Review | Pinocchio at Chichester Festival Theatre: 'It's easy to forget you're watching children and amateurs'

Last year the Chichester Festival Youth Theatre premiered Anna Ledwich’s new adaptation of Pinocchio with music by Tom Brady, at the Festival Theatre.

By James George
Thursday, 23rd December 2021, 10:26 am
Archie Elliott (Pinocchio) and company in Chichester Festival Youth Theatre's Christmas 2020 show, Pinocchio. Photo by Manuel Harlan
Archie Elliott (Pinocchio) and company in Chichester Festival Youth Theatre's Christmas 2020 show, Pinocchio. Photo by Manuel Harlan

There was, however, a problem.

That Virus meant that the performances were pretty-much restricted to viewing from home on a computer screen; it was by this method that I reviewed the show last year – and still I loved it.

There is, of course, no way that live theatre can ever truly share its soul through a computer-screen, so it’s been revived this year for their Christmas show and giving the masked public a chance to see it live.

Let’s not beat about the bush here – do it.

This show is, in pretty much every way, beautiful - from its script and score to its direction and choreography and its wonderful set, dripping in pastel-shades, and the beautiful costumes.

Ledwich’s script is far removed from Disney, so don’t go with Disneyesque expectations; it is both stylised and stylish and does not talk down to its audience.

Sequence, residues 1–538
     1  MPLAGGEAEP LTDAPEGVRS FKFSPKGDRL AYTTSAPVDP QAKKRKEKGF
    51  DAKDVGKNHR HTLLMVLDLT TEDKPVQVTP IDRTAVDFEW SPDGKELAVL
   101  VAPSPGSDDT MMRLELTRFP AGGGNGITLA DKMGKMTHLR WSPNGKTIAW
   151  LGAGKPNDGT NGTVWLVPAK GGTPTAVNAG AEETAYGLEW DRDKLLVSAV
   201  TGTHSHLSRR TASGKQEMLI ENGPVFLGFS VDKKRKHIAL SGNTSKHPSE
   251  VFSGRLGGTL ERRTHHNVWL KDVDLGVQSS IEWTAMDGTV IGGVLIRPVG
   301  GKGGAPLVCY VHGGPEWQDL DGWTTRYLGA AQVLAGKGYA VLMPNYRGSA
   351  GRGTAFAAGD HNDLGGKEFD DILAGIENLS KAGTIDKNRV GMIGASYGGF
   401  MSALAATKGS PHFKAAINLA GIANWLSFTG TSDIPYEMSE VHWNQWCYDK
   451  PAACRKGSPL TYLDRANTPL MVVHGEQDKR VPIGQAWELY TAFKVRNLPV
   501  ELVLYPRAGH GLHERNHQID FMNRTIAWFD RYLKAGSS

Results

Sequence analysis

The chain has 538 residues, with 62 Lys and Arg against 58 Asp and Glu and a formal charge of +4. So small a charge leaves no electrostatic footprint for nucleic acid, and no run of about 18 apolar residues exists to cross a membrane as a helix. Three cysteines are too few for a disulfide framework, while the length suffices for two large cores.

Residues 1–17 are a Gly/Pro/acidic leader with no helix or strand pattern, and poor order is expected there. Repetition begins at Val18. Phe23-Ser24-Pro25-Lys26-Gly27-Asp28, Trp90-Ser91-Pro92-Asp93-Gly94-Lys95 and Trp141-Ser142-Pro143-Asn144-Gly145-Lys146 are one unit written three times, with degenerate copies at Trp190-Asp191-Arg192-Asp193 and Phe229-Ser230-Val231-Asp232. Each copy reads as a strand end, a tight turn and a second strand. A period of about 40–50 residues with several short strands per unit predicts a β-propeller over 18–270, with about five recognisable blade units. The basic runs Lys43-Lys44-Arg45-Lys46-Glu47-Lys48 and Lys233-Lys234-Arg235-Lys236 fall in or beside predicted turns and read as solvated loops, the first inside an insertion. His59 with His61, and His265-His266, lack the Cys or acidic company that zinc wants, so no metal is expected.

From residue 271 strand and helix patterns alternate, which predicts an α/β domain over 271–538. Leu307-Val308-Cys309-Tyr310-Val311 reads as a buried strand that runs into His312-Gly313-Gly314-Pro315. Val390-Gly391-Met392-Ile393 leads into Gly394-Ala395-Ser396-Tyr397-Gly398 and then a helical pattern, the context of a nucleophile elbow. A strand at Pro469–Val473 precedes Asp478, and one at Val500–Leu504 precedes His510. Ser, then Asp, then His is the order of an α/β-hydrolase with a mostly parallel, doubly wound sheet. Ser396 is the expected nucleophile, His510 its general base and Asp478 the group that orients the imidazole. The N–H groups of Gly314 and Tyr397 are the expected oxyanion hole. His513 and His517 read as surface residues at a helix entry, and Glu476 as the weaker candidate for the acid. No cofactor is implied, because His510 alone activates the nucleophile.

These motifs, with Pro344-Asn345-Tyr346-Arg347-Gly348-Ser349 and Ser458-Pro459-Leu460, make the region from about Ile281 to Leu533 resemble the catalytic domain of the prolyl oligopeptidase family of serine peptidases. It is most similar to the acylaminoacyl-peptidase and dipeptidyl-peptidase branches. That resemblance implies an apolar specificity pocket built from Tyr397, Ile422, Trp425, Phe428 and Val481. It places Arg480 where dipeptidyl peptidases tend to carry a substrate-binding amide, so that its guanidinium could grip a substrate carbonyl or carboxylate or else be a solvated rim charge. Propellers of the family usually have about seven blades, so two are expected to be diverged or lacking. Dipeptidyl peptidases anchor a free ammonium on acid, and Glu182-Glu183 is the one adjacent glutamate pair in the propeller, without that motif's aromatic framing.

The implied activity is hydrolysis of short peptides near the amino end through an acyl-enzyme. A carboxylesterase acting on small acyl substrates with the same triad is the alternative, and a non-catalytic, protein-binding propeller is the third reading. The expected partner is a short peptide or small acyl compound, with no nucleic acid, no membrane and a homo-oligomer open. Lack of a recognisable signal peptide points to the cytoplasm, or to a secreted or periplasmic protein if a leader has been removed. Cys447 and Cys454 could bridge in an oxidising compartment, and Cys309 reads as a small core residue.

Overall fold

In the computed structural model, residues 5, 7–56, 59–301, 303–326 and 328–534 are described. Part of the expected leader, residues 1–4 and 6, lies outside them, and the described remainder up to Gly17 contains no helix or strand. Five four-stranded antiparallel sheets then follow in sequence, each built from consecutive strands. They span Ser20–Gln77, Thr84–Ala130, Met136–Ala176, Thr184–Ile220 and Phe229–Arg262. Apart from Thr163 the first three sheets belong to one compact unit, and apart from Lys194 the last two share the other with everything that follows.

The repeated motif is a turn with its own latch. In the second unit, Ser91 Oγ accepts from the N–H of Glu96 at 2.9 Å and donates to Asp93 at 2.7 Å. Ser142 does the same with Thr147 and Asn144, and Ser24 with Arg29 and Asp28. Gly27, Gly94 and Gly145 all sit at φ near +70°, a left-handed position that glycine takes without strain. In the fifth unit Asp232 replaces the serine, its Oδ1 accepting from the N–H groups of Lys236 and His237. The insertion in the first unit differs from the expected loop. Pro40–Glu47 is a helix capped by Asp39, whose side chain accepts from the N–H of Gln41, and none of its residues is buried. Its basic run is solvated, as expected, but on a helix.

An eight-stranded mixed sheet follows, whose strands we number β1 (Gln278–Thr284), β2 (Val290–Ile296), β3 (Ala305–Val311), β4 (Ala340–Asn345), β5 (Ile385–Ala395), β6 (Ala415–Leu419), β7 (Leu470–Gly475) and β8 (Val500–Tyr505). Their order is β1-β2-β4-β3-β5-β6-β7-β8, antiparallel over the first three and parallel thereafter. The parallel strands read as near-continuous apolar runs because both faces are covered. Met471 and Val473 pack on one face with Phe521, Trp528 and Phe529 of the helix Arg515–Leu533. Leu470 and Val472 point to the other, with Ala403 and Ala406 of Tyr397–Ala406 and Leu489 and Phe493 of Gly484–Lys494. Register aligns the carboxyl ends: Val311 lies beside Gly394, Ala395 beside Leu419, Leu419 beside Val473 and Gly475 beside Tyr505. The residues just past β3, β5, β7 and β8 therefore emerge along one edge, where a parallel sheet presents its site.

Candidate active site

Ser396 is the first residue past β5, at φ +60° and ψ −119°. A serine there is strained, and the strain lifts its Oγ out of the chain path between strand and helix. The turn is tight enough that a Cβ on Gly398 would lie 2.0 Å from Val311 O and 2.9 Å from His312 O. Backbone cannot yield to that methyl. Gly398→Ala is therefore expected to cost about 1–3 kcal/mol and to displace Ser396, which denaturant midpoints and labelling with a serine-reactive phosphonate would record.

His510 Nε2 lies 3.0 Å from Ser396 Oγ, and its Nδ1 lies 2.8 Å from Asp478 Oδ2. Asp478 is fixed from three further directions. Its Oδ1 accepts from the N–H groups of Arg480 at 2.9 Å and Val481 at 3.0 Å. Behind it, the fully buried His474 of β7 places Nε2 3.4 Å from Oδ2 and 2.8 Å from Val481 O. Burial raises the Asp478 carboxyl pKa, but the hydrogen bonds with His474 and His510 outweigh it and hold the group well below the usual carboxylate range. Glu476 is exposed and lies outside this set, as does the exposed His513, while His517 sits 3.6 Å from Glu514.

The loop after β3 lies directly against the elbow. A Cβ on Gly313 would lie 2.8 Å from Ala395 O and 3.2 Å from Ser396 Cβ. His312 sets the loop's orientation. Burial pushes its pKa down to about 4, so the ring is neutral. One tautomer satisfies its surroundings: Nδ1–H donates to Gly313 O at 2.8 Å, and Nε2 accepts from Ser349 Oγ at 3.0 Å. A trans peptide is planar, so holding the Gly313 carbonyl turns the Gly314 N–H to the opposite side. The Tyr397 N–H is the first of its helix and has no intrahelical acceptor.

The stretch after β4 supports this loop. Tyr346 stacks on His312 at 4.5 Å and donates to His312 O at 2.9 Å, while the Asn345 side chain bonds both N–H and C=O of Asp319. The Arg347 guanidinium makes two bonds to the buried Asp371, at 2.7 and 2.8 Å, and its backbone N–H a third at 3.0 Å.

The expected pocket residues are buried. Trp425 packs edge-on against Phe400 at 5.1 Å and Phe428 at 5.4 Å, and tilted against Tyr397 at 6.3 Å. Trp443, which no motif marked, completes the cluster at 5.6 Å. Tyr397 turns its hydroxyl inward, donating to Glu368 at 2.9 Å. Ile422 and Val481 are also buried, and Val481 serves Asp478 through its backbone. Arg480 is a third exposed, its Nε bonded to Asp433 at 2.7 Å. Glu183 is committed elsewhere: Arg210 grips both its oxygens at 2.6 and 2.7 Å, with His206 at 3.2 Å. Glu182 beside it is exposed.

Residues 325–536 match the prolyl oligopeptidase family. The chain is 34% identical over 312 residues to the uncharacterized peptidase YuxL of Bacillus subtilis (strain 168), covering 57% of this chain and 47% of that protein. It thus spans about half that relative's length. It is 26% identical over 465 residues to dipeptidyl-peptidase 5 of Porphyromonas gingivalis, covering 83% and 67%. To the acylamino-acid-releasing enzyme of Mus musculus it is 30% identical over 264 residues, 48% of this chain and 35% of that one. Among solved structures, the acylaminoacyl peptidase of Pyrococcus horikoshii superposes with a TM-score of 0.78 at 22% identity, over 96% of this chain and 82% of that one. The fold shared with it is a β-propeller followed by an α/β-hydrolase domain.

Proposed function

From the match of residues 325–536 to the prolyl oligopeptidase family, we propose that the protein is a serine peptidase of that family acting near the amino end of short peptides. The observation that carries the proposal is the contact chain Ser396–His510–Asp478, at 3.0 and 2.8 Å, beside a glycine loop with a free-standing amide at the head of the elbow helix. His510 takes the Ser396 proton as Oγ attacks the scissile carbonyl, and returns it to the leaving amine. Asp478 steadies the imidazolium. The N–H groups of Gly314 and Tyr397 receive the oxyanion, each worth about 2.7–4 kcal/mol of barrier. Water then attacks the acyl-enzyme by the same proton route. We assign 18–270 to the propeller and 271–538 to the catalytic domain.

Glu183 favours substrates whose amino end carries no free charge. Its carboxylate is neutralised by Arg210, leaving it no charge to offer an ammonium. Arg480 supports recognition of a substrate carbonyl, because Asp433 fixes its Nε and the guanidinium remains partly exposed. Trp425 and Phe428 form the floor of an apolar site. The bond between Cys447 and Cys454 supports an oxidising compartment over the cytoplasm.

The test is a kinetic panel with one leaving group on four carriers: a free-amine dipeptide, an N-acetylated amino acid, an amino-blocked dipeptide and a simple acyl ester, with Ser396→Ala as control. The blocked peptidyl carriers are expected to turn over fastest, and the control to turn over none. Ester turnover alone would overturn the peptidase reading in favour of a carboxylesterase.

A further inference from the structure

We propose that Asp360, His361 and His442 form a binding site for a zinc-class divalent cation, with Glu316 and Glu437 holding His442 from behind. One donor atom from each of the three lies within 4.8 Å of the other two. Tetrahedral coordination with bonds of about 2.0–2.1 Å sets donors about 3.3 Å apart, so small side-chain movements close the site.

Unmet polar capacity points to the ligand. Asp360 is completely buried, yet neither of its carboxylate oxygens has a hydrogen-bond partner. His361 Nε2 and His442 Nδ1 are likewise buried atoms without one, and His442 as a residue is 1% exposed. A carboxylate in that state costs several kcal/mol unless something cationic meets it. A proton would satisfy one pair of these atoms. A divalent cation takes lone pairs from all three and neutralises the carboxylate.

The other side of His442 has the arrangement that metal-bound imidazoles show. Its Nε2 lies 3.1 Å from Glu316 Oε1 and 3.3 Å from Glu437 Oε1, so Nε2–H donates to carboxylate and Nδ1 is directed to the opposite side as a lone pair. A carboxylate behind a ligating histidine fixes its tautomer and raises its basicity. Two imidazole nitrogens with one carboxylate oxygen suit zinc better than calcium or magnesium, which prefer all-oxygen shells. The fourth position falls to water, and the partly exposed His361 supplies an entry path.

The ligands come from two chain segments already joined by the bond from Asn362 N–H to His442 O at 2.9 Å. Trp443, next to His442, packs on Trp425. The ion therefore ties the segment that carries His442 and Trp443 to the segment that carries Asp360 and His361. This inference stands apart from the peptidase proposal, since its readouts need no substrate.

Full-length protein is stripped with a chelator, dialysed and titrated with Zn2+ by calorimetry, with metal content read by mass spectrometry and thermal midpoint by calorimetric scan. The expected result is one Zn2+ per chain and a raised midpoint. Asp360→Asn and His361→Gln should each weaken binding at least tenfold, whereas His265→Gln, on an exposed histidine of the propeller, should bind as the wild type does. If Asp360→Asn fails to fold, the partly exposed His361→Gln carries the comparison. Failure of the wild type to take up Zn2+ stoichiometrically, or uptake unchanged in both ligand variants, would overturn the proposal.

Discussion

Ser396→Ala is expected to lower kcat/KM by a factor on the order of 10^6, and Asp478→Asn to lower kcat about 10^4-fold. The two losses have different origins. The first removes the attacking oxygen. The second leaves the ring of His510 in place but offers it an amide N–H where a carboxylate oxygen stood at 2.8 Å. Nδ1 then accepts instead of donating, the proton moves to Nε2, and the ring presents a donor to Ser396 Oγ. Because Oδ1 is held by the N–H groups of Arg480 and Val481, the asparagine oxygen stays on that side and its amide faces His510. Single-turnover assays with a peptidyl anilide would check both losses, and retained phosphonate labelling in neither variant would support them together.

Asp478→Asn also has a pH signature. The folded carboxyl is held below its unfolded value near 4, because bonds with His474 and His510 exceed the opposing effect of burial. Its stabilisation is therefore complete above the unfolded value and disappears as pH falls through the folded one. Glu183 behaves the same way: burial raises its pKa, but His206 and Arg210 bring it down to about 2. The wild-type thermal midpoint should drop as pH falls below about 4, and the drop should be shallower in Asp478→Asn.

Brady’s music, likewise, rejects Disney and embraces, instead, Sondheim and Schwartz; there are echoes of Into The Woods and Children of Eden here, and that’s got to be a good thing, surely?

Dale Rooks and Bobby Brook’s direction does exactly what it needs to do and the movement from Amy Lawrence is busy and tight and a joy.

And then there’s the cast.

I have said before that, when viewing the CFYT, one needs to constantly remind oneself that you are watching both amateurs and children – because it’s easy to forget. It is ensemble theatre at its finest but there are, of course, some stand-out performances.

Edward Bromell and Ellie Bradbury as Punch and Judy shine; their puppet-movement is excellent and Bradbury’s vocal astonishingly good.

Jack Taylor’s Fox is nicely studied and hugely played; Ella O’Keeffe as Madam Silversaw gives a belting vocal for her song, Wonderland, and there is a stand-out comedy performance from Eva Buckler as a Russian prawn (yes; you read that correctly).

Luke McCrone’s wonderful Mercury – a camp French dog (yes; you read that correctly, too) is also a thing of joy.

As Gepetto, Spencer Dixon is outstanding as is Lewis Rennison as our eponymous hero.

Rennison is never off the stage and the power of his performance never flags. Their vocals are tight and clean and as clear as a bell, particularly Dixon.

The finale – Let Us Be Us – carries the show’s principal message and may just have seduced a tear out of this old cynic’s eye.

Sublime.

Do yourself a favour. Go see it.

A message from the Editor, Mark Waldron

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